Over 30 years ago, an adventurous French student-photographer traveled to California and decided he liked it so much he wanted to live there.
“I was very entranced by American culture and the Beat Generation,” said Michel Bloch, owner of La Crepe at the UC Davis Silo. “I went back to France, and four years [after my first visit] I came here with the intention to make crepes, because I thought it would be a good thing to introduce to the market.”
Bloch, a keen businessman, started selling crepes from his Ze Crepe trailer in downtown Sacramento along P Street. He’d haul the trailer to fairs and festivals, including the Whole Earth Festival at UC Davis, which he has participated in annually for almost three decades.
The trailer was a local favorite, with customers lining up daily to order crepes.
By 1980, he had entered Davis with the Crepe Bistro (since closed) and in 2007, he opened the Crepe Café in Sacramento (since sold).
And this year, La Crepe, his crepe outlet at the UC Davis Silo, is celebrating its tenth anniversary at the university.
“A crepe is basically a very thin pancake, approximately 16 inches in diameter, made with eggs, milk, and flour … everything else you hear – ‘secret ingredients,’ ‘special recipe’ are gimmicks,” explained Bloch.
“If you go on my website, crepeinstitute.com, you will have the exact recipe for making [crepes] at home, because I give my secret away – and that secret is there is no secret in the ingredients of crepes … I feel like today, very few [crepe businesses] respect the real concept of crepes,” he said.
Bloch knows his stuff. He has been knighted the “Crepe Crusader” by Mike Dunne, a food critic at the Sacramento Bee, and the “Ambassador of Crepes” by Sacramento News and Review.
Bloch also runs the aforementioned Crepe Institute, where he trains prospective crepe entrepreneurs in the secrets of making and selling crepes.
He credits his many successes to a simple recipe. First, he remains authentic – no potatoes, ketchup, mayonnaise or other formulations unfaithful to the crepes found in the streets of France. Second, everything is fresh – from the batter and sauces (made daily) to the fruits and vegetables (handpicked in local markets each morning by Bloch). And finally, customers have the satisfaction of watching their crepes made from real French chefs.
“We are French, and as a French person, you cannot make an imitation of your own food … of course they are authentic,” said Arnaud N’tcha M’po, a longtime associate of Bloch’s at La Crepe and a native of Brittany, the region of France where the crepe originated.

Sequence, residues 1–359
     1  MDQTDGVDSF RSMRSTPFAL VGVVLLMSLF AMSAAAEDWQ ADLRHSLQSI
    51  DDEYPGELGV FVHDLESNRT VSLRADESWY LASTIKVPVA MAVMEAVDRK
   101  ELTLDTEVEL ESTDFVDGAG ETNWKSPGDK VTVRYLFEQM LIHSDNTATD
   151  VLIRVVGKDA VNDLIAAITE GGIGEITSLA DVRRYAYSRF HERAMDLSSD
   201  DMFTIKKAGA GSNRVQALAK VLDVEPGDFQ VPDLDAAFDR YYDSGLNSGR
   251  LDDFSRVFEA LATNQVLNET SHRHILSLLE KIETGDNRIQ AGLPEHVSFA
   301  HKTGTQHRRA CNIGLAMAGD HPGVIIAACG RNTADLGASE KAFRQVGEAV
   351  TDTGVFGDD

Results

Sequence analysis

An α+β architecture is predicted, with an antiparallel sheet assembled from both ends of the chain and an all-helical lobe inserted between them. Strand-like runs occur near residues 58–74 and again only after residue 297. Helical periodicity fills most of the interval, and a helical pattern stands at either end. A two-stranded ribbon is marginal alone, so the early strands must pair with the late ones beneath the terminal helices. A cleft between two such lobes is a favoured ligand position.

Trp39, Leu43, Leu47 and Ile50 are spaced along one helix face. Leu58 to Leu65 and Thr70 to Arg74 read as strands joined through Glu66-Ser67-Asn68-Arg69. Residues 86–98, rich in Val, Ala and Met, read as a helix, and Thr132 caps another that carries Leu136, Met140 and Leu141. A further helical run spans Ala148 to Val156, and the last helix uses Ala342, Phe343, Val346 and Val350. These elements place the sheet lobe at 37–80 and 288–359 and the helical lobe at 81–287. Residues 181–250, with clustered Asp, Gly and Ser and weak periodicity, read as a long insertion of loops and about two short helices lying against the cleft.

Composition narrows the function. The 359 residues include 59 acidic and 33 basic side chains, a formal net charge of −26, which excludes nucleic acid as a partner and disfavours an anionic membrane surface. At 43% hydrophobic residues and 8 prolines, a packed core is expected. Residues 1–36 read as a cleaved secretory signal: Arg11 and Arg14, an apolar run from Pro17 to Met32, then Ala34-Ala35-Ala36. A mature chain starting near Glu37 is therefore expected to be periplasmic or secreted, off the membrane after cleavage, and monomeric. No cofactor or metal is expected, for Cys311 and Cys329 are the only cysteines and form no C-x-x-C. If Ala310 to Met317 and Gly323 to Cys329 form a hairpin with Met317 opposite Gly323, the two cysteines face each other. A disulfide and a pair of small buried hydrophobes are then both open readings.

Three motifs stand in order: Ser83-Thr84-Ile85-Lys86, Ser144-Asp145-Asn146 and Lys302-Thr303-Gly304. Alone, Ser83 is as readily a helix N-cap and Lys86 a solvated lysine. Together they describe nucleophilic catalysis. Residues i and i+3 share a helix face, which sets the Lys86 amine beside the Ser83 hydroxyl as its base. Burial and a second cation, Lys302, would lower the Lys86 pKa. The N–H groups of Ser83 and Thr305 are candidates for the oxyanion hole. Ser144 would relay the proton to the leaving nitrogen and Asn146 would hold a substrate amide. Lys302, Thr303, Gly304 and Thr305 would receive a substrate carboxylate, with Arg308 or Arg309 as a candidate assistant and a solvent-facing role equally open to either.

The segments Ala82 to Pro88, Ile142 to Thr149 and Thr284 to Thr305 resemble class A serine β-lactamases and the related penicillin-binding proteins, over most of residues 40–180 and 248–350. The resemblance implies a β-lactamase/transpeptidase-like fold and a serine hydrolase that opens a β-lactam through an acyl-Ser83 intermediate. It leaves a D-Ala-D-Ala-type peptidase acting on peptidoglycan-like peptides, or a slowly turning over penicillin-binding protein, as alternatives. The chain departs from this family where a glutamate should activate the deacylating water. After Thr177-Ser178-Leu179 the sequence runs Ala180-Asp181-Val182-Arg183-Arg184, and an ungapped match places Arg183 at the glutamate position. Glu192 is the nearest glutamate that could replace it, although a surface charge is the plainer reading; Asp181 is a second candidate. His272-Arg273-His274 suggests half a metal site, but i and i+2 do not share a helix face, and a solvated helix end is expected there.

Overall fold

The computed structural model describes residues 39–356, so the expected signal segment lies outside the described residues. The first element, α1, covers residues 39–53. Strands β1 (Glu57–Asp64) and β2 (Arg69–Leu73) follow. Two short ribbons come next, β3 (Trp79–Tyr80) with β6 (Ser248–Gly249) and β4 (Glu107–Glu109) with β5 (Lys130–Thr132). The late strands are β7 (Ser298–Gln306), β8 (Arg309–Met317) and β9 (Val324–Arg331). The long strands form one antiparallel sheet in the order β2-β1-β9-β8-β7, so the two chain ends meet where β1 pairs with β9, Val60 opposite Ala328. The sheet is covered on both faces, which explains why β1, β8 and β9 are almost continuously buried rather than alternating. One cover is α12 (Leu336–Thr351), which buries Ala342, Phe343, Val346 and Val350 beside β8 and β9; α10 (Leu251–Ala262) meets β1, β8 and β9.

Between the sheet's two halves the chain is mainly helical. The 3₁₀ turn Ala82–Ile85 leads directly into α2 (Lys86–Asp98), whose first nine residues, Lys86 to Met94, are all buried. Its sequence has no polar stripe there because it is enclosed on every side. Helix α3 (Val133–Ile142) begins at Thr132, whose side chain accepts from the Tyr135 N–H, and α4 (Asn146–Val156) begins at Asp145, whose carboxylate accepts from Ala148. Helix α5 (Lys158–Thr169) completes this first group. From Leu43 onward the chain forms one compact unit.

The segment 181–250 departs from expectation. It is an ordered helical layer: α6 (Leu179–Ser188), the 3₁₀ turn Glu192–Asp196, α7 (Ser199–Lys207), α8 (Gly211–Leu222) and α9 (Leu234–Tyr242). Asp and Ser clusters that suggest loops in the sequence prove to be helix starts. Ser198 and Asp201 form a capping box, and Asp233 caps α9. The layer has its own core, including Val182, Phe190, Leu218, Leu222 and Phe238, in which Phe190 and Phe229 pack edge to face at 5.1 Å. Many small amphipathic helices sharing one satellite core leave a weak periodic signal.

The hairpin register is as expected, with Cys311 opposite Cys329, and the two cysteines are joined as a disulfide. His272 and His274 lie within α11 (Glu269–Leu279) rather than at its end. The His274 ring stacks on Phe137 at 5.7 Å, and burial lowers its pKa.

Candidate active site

Customer favorites include the fresh strawberry and Nutella dessert crepe, Belgian waffles and the ratatouille crepe, which, according to Bloch, has experienced a surge in popularity since the movie. Also, the menu includes an array of vegetarian and meat options for breakfast, lunch, dinner and dessert.
“From day one, [La Crepe] has been very popular … you have followers that crave for La Crepe – die-hards who you see here for lunch and again later for a crepe dessert. You get addicted on his food,” said Richard Kossak, director of retail operations for Sodexo (which manages all Silo operations) and an associate of Bloch’s for the past 10 years.
A Davis local for the past 30 years, Bloch has cherished his work in the area, and in particular, the university.
“When you get definitely middle-aged, the abundance of youth keeps you young … [at Davis,] I feel more like an inhabitant of the world; my customers are from America, South America, China, India – you really feel like being in Davis, you live in the world and not a specific country,” Bloch said.
And during his time in Northern California, Bloch says that he has seen Davis change tremendously, from a rural town to a mid-size city. He says the students have changed too.
“Students today are more focused, their stress level is higher, probably because the demand and expectations are greater,” Bloch said.
Working at the university also means no evening or weekend hours, which gives him time to devote to his other passion – horses. He lives in nearby Cool in El Dorado County, where he has five horses trained in endurance riding. Monsieur Bloch rides with the American Endurance Ride Conference, and has finished as high as second place in the Tevis Cup, a hundred-mile ride in the Sierra.
ANDRE LEE can be reached at firstname.lastname@example.org.